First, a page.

(from Greek “melas”, meaning “black”) is an acquired skin disorder consisting of hyperpigmented patches symmetrically distributed on face, neck, and more rarely, arms. 90% of cases affect women.
Despite being a very treatment-resistant and relapsing disorder, there are certain guidelines that can help you fight it. We would like to share some of them from Aureo Clinic. At Aureo Clinic we give you some of them.
1. Seek counsel.
Ask a qualified doctor, it is imperative that melasma is properly diagnosed, since the skin patches may conceal other more severe skin diseases that could go unnoticed – they could also be a symptom of a systemic disease.
2. Avoid possible triggers.
Among melasma’s multiple risk factors, ultraviolet radiation and hormone influence (oral contraceptives and pregnancy) are identified as the main triggers, but other factors include certain drugs (such as phenytoin), thyroid diseases, phototoxic medicine, and genetic predisposition. Risk factors must be avoided as far as possible, as long as it does not affect other conditions.
3. Prepare your skin.
Moisturized and healthy skin will endure external aggressive factors in the summer, such as our face, neck, and cleavage being permanently exposed to sunlight, breezes, and chlorine. We must take proper care of our skin so that it is ready for these elements.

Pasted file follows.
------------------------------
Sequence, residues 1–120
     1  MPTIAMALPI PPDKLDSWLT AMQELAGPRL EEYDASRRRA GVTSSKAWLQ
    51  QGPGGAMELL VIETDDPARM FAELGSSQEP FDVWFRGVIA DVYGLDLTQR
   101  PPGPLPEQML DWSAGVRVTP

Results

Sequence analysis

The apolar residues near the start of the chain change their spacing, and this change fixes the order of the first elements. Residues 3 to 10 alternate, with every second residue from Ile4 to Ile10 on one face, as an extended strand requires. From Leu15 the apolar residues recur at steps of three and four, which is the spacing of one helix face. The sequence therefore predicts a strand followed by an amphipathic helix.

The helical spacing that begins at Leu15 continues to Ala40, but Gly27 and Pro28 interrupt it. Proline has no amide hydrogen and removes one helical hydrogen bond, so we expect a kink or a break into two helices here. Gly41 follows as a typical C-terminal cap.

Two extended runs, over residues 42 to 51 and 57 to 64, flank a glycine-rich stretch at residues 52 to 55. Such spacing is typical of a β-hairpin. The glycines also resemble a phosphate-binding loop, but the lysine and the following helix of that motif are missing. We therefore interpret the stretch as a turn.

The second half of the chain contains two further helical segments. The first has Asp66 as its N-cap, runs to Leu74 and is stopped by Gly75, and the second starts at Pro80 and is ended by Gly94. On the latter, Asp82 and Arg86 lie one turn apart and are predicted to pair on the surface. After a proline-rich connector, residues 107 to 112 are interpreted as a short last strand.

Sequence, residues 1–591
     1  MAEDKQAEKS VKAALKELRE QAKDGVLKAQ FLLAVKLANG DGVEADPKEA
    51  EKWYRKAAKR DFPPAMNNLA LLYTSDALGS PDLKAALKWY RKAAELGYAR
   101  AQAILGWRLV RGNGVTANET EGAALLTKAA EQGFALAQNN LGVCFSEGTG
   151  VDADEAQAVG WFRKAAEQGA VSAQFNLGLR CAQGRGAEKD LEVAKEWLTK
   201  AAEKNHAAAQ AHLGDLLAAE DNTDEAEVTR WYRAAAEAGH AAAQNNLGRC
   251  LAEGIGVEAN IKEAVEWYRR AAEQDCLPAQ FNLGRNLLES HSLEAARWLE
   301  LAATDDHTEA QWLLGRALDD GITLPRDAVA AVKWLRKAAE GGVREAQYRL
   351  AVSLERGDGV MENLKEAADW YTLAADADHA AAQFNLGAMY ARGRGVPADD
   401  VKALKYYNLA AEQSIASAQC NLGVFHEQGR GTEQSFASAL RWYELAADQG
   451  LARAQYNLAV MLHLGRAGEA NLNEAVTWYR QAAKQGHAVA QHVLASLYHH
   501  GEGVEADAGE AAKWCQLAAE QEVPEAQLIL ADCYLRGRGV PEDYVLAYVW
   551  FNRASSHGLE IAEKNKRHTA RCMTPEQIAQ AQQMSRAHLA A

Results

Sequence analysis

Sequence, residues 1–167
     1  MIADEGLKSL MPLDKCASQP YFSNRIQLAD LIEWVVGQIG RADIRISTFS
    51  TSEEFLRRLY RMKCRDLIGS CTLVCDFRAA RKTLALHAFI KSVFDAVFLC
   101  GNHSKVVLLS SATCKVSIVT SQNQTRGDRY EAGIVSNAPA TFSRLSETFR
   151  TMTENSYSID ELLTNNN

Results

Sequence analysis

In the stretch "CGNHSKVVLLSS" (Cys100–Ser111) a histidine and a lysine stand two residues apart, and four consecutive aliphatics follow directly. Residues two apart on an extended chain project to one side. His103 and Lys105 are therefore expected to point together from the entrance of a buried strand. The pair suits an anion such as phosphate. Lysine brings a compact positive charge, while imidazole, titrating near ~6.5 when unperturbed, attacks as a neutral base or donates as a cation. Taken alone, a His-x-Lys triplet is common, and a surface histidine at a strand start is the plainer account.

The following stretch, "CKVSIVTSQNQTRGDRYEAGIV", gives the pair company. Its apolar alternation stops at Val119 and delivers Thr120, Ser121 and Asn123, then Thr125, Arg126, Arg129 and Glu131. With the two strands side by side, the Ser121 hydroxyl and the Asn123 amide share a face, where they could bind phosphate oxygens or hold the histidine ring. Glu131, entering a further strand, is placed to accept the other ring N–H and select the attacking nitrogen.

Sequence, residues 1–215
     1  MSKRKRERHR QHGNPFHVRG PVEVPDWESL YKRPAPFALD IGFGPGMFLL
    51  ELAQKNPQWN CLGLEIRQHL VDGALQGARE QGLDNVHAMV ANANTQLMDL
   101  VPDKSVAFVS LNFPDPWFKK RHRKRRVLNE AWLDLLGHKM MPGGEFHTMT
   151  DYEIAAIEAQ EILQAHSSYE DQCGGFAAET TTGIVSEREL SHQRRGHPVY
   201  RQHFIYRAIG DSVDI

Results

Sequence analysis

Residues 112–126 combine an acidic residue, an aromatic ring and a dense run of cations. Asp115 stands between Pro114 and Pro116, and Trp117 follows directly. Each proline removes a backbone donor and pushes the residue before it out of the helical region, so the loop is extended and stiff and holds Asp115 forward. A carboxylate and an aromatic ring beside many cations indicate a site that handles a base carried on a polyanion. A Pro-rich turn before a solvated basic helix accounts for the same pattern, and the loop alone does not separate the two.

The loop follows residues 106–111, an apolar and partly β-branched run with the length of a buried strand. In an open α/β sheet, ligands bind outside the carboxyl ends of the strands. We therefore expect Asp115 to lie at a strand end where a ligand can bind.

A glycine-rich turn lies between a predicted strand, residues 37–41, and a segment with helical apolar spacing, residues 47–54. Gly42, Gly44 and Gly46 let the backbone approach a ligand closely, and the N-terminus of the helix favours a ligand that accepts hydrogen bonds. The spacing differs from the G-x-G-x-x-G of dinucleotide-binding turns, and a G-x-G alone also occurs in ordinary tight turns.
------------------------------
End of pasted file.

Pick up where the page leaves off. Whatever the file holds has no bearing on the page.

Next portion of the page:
4. Use a suitable depigmenting product.
There is a wide variety of patch and skin-whitening cosmetics in the market, it is important to find the most suitable one for your skin and your type of melasma (there are several!), sometimes it is even advisable to combine topical medication to fight this disorder. From Aureo Clinic, we insist – if you get a proper clinical diagnosis, you will obtain specific instructions for your skincare.
5. Protect yourself from the sun.
We left the most important tip for last. It is absolutely necessary to use sunscreen regularly, protecting your skin from sunlight as part of your daily routine is not only important when you foresee sunlight exposure, but also whenever you go outside. You must also use the most fitting sunscreen, which will vary depending on your skin type, as well as the time of the year and the expected degree of exposure.
As you can see, melasma can be prevented, and if it is too late, it can be treated through proper diagnosis to make your skin regenerate and look younger and healthier.